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Resistance fills streets of London as 100,000 join Women’s March

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Issue 2538
Part of the huge crowd in Trafalgar Square in central London
Part of the huge crowd in Trafalgar Square in central London (Pic: Ann Crowley)

Around 100,000 people joined the Women’s March in London last Saturday, rejecting Donald Trump and the bigotry he represents and thrives on.

The march organisers said people “came together to say that they will no longer allow the politics of fear and division to run rife. Unity, solidarity, equality, hope were the calls for the day.”

They added that, “A billionaire who denies climate change cannot protect our planet. A billionaire who is misogynist and racist cannot serve unity.

“The same is true here. Serious economic disparity must be addressed and we do not trust many of those in Westminster to do that job.”

For many protesters it was their first demonstration. School students Grace and Freja were angry about Trump promoting sexism.

Grace told Socialist Worker, “We’re here to support women’s rights because Trump is putting them down.”

Freja said, “You hear what he says and we know what guys our age are like. Trump sets a bad example.”

Chiara, another school student, agreed, “If Trump can say these things about women, anyone might feel they can.”


It was excellent that around 300 British Airways cabin crew on strike that day marched to join the demonstration from the TUC headquarters chanting “low pay no way”.

One told Socialist Worker, “This is how we can raise awareness about our dispute because there seems to be a media blackout.”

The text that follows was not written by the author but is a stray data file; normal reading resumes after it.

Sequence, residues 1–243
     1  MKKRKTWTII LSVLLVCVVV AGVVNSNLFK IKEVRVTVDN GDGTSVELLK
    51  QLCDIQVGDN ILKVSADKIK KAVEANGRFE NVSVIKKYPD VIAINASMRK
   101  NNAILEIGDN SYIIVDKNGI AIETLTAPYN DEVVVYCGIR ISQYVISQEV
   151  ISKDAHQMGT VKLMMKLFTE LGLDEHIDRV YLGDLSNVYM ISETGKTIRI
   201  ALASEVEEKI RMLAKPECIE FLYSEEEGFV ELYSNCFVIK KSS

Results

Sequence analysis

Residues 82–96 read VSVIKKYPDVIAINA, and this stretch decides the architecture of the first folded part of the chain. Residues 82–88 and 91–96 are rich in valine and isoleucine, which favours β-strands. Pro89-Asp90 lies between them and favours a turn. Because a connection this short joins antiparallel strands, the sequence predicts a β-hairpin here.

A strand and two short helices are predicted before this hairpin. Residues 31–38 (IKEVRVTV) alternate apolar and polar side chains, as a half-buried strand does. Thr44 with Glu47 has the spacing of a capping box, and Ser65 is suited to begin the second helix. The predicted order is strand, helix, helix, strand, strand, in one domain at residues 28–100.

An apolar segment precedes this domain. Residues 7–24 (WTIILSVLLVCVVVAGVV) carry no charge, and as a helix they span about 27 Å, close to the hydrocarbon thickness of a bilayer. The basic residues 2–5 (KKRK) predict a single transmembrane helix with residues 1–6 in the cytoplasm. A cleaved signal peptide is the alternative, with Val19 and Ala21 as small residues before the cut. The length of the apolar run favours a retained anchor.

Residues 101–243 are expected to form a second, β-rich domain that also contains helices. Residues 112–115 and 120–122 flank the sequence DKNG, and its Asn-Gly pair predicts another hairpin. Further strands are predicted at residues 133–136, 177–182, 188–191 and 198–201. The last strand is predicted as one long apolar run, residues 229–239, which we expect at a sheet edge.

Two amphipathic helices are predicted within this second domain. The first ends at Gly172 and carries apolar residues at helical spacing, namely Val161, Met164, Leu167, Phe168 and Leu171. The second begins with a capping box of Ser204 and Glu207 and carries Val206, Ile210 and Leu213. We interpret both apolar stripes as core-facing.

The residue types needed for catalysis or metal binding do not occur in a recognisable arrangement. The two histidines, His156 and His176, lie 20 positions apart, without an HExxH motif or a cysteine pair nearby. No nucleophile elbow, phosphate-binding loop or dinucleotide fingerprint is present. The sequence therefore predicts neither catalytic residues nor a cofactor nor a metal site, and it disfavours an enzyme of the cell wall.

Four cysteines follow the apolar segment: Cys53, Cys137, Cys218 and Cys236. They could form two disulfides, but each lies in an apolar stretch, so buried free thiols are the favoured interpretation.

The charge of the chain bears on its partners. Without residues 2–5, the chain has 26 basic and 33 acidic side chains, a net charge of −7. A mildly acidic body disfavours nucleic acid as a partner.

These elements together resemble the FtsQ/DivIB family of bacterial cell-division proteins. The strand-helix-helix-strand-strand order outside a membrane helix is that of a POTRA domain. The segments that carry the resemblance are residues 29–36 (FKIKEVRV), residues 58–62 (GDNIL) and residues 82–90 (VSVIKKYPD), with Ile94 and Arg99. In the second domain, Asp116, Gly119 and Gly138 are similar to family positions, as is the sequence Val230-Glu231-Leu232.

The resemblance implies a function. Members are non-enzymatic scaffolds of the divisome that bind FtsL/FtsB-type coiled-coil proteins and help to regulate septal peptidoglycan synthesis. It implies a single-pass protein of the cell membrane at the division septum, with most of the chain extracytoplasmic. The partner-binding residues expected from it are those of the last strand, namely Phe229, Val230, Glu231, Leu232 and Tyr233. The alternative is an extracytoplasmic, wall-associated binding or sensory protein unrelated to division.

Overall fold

Another compared the anger against Trump to her own bosses, saying, “It’s about the big and the greedy who think they can get away with anything. It’s horrendous, and we’ve had enough.”

Khadiee Afflick told Socialist Worker, “Waiting in silence for the Democrats in the United States to win in four years’ time is a way of silently giving in.

“The fear is, if Trump is president, what does that mean for Britain?”

“Things don’t change if you’re polite and stay at home,” said Marina.

“I’m angry and I refuse to be silent. There can be change but we have to fight for it.”

Gabriel, said, “I’m from the US, but I’m also half Mexican.

“What we’re seeing with Trump isn’t just happening there. I’ve been in Britain for three years and seen the rise of discrimination and scapegoating.

“We have to stand together.”

People from many political positions marched alongside each other. Discussions about how to defeat Trump’s sexism and racism were going on throughout the demonstration.

Pooja from California joined the march. “I hate crowds but I hate Trump more,” she told Socialist Worker. “A lot of people who are normally quiet are out today.”

Turnout in Shipley shows there is a mood to resist

People attack their Trump-supporting Tory MP
People attack their Trump-supporting Tory MP (Pic: Neil Terry)

Around 1,500 people marched in Shipley, near Bradford in West Yorkshire, last Saturday.

They were protesting against Donald Trump and his supporter, local Tory MP Philip Davies who has said that he’d vote for Trump “in a heartbeat”.

Davies is notorious for his right wing views. Last August he told a “men’s rights”conference, “feminist zealots really do want women to have their cake and eat it”.

The march was organised by a group called the Shipley Feminist Zealots.

A lively rally heard speeches and spoken word recitals.

Trump’s sexism, mocking of disabled people and racism were compared with Davies’ views.

The crowd agreed when a speaker stated, “To push back the right wing we need unity.

“To achieve this we need to puncture the myth that somehow migrants are to blame for the mess that the neoliberals have made of running the world.”

Lesley McGorrigan

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